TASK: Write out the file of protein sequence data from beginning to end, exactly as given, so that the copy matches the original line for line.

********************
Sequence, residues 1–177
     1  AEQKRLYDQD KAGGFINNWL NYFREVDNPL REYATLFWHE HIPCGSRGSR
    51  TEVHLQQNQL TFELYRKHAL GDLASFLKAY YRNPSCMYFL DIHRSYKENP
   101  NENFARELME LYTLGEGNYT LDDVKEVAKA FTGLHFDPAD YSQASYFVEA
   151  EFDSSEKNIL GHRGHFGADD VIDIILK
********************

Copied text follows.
Sequence, residues 1–177
     1  AEQKRLYDQD KAGGFINNWL NYFREVDNPL REYATLFWHE HIPCGSRGSR
    51  TEVHLQQNQL TFELYRKHAL GDLASFLKAY YRNPSCMYFL DIHRSYKENP
   101  NENFARELME LYTLGEGNYT LDDVKEVAKA FTGLHFDPAD YSQASYFVEA
   151  EFDSSEKNIL GHRGHFGADD VIDIILK